CoverGirl is featuring a woman wearing a hijab in its advertising for the first time in the makeup line’s history. Beauty blogger Nura Afia is featured wearing the traditional Muslim head covering in an ad campaign for a new line of mascara that also includes singer Katy Perry and actress Sofia Vergara. Afia says in a statement released by CoverGirl that she never thought she would see Muslim women represented on this scale after “growing up and being insecure about wearing the hijab.”
As with any obsession that encourages rummaging into minutiae, fashion’s current font preoccupation has schisms probably being debated heatedly on page 23 of a thread on The Fashion Spot. Broadly speaking, to put it in font language, it’s all about serif and sans-serif. For everyone else, it’s the fonts with the curly edges on the ends of letters vs the ones without.
McCartney’s fashion week raison d’être has always been about more than aesthetics. Her pioneering anti-fur and anti-leather stance, widely considered the hippy eccentricity of a Beatles daughter when she launched her label 15 years ago, has since been adopted by Ralph Lauren, Tommy Hilfiger and Giorgio Armani. Last week, her brand released its first annual environmental profit and loss accounts, examining the environmental impact of the business from raw material to retail. This focus on sustainability reflects a nascent change across the industry, as fashion responds to a new generation of millennial consumers who expect their clothes to reflect their values.
Diversity is so hot right now. Take H&M’s new television advert for its autumn/winter 2016 collection, for example, which features a range of women including: • Black women with natural hair • Women with shaved heads • A muscular woman • Action shots of women’s wobbly bits wobbling • A thin woman eating french fries without a side of guilt • Armpit hair • A septuagenarian • An ethnically ambiguous high-powered female business executive • A trans woman • Lesbians
the war liberated women from their corsets and full skirts when they were drafted in to run the country while the men were dying in muddy ditches across northern France. After finding that you can’t conduct a bus or forge steel in a floor-length silk day dress very well with a full bustle, these emancipating women started to experiment with far more practical clothes and hairstyles as they carried out their new roles in society.
A brilliant (for all the wrong reasons) article from 1958 in which a Guardian journalist pondered the place of nylon in a man’s wardrobe.
Does the tired business man slosh it through in the bathroom basin, rinse, and drape over the edge of the bath or over the towel rail, to leave a puddle on the floor which is bound before long to rot the linoleum? Or does he leave it for his wife to run through in the morning? She would undoubtedly rather do her washing in bulk, however thankful she is to lighten the load of her ironing.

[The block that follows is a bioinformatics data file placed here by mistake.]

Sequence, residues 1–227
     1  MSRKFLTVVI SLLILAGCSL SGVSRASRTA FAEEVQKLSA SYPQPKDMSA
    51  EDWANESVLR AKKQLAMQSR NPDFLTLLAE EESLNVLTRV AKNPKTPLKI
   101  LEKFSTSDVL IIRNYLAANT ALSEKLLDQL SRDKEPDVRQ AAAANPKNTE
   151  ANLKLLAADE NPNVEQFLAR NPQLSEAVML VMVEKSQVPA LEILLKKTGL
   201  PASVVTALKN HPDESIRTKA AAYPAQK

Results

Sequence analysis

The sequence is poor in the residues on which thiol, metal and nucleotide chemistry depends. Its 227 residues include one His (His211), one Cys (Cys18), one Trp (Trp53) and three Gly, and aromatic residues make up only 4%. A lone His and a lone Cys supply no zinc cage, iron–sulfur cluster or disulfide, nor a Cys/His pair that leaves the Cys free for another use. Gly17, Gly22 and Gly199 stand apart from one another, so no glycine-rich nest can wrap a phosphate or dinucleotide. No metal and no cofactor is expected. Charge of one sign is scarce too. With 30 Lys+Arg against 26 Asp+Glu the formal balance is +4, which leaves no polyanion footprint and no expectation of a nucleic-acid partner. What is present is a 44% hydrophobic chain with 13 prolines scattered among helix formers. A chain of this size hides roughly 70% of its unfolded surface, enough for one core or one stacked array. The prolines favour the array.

Who can argue that these are pressing issues? (no pun intended – unless you laughed).
In an interview with the Guardian, Anna Wintour, editor-in-chief of American Vogue, talked about a few things – Hillary Clinton in particular. But she also said something that piqued my interest:
“The young people we hire today at Condé Nast are fearless polymaths”
That’s about the fifth time I’ve heard that word in the past week. Admittedly the other four were because I used it. But I’ve had a few conversations recently, with both students and colleagues about the need, as one of my graduates advised current students before Christmas, to ‘be interesting’.
A colleague told me recently that more than one professional illustrator had advised students not to specialise, and to remain flexible, taking an interest in as much as possible and to express themselves creatively in as many ways as possible.
Wintour said the same thing in her Guardian interview:
Wintour used the opportunity to appeal to the younger generation to “not become too specialised” and instead “be intellectually free”
“I urge you instead to seek to be relevant, to be agile and educated.”
The socks use a method of rest and activity monitoring known as actigraphy. So a built-in accelerometer will wait for you to stop moving for a prolonged period of time before sending a signal to the TV to prevent you from losing your place in Mad Men for the 20th time. An LED light will blink beforehand, notifying anyone who may just be chilling very hard to move their foot if they’re still awake and watching.
Quite an interesting project for those minded to try it – requires an Arduino and knitting skills. Obvious publicity aspect aside, I think this is quite a nice way to get the imagination going: how else could we combine textiles and technology?
Fashion is moving faster than ever — but you knew that. Product turnaround is lightning speed, shipping is nearly instant, customization is the norm, and smart watches know more about our day-to-day lives than our significant others do. In the wake of all this innovation and business-model-upheaval is, unfortunately, some pretty nasty gunk: water and air pollution, unfair labor practices, massive waste. The fashion industry is in a duality: on one hand, it feels like the future is miraculously now, with promise of faster, cheaper, smarter clothes and accessories. On the other hand there are environmental threats and factory fires; the sad badge of being one of the most polluting industries on earth.
An interesting article in which figures from the fashion industry talk about the direction it needs to take. Top takeaways:
sustainability and environmental impact
Fashion courses should be making this stuff central to their curriculum and I’d be shocked if students weren’t already clamouring for it if it’s not there.